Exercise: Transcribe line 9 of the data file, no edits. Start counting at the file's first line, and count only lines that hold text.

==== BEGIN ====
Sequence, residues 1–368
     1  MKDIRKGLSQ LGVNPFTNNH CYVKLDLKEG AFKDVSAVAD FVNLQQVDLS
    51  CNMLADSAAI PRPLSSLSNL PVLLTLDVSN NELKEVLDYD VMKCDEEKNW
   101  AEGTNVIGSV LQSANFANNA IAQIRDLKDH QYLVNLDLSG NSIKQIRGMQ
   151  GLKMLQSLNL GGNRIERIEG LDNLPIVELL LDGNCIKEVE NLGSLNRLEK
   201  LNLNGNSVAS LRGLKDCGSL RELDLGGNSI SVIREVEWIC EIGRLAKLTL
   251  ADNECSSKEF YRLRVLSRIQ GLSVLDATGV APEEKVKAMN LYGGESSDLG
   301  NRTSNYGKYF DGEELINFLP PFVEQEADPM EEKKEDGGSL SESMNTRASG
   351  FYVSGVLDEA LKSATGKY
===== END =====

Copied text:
   351  FYVSGVLDEA LKSATGKY